Re: Article: Clarity and Self-Delusion in One's Training by George S. Ledyard
A small thing really...
Are we just playing with words here - "master" and "mastery." I bring this up because I wonder if the wordplay is part of what folks use to not be roots (i.e. use against themselves, use against their teacher's requirements, etc.). e.g. "Being a master is impossible, why shoot for it?"
The funny part is this: Who is ready to say "mastery" is any more possible than being a master?
There's so much false humility (i.e. self-serving submission) in these ways of understanding that Aikido practice is a living process. One has to wonder what all is being protected in our will to see both being a master and attaining mastery as impossible.
I'm reminded of something I read, where a writer-friend of Merton's asked him what he wanted from all his faith, etc. Merton went on with all the usual stuff - it's about living the practice, etc. etc. And his friend finally stops him and asks him, "Aren't you trying to be a saint? If so, why the difficulty in saying it?" Merton, being an honest man, saw that his resistance to saying out loud what most opt to never say was more connected to his fears of pursuing his practice more deeply than it was to any kind of insight pertaining what the holy or sainthood might be. I would suggest we are often seeing the same thing here in regards to Aikido and being a master. Let us remember, most of the masters we know today, never said that being a master was impossible - most of them clearly say (in one version or another), "I wanted to be the best." In other words, when one is the best, and one says, "There is always more to learn - complete mastery is not possible," that is not the same thing as saying "There is always more to learn - complete master is not possible," when one is using that to keep going with their aikido-lite.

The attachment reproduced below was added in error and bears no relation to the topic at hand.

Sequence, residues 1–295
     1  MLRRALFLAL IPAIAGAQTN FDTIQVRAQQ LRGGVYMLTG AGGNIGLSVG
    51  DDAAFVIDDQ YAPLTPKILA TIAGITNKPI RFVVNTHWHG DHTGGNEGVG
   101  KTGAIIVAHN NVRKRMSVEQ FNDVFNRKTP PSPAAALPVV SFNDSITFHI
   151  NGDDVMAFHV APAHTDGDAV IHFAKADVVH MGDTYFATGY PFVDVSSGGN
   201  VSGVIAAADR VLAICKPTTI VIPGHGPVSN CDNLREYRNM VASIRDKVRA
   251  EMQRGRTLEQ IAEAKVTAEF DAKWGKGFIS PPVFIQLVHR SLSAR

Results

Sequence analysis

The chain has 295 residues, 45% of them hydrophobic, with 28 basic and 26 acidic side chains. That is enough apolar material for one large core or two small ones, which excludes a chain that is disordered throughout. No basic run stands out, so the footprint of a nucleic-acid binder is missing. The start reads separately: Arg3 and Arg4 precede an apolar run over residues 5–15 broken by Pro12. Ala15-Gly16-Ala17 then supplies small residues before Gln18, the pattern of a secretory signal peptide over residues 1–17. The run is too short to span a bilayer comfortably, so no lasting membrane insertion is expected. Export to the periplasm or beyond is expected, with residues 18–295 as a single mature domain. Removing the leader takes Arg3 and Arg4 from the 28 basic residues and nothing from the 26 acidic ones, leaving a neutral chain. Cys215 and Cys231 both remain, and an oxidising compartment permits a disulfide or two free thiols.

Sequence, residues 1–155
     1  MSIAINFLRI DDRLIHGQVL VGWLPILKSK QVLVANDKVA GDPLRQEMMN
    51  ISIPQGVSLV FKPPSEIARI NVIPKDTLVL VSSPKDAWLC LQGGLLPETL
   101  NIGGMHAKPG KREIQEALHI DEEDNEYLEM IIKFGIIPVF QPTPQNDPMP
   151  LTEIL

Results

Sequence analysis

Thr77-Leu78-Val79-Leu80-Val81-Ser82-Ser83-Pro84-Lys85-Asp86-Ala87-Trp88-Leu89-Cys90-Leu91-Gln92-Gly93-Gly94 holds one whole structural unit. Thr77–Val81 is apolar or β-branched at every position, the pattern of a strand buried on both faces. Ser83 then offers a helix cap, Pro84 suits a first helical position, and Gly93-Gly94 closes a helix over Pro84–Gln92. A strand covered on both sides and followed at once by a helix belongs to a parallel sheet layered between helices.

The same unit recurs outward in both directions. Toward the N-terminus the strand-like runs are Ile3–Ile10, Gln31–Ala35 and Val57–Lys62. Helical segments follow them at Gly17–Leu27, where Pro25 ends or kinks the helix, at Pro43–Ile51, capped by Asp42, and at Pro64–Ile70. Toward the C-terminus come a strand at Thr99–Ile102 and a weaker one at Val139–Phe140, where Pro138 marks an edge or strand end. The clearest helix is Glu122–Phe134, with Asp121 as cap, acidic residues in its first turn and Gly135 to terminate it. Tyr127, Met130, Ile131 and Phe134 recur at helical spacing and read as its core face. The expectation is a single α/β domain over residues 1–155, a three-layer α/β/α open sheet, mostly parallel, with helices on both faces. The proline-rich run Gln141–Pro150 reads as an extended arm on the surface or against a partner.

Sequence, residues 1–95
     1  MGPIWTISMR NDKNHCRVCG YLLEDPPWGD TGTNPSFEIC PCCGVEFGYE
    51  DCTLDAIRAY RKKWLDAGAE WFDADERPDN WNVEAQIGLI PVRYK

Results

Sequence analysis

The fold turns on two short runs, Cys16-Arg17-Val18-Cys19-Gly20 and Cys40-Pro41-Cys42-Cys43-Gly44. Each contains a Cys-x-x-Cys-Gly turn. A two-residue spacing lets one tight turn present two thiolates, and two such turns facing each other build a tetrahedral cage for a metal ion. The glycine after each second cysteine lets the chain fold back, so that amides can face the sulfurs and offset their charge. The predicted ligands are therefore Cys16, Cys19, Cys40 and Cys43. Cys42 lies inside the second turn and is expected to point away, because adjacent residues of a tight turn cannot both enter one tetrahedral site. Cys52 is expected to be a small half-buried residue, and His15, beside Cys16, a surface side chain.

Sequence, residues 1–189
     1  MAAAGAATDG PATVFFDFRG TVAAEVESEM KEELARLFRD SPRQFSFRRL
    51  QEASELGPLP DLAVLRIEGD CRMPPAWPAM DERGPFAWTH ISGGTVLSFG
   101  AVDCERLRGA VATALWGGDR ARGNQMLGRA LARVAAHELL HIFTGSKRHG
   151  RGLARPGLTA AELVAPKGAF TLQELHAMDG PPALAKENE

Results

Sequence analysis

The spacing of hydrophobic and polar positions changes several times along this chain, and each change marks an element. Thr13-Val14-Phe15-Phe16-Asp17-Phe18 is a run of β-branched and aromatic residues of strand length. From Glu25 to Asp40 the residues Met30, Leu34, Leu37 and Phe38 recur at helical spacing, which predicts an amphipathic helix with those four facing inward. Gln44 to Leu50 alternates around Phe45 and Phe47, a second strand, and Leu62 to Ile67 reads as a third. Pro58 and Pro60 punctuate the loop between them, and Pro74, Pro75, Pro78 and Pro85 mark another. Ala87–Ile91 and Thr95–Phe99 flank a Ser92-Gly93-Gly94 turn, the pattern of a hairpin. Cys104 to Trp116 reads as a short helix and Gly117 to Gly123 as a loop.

thinking out loud,